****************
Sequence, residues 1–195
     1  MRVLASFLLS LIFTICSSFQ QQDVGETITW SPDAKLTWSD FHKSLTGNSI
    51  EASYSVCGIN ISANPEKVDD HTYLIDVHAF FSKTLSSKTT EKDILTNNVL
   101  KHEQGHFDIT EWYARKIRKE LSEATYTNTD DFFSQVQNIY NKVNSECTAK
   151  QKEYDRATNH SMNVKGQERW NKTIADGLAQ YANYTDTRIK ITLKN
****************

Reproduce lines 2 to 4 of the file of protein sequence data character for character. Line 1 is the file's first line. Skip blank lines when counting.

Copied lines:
     1  MRVLASFLLS LIFTICSSFQ QQDVGETITW SPDAKLTWSD FHKSLTGNSI
    51  EASYSVCGIN ISANPEKVDD HTYLIDVHAF FSKTLSSKTT EKDILTNNVL
   101  KHEQGHFDIT EWYARKIRKE LSEATYTNTD DFFSQVQNIY NKVNSECTAK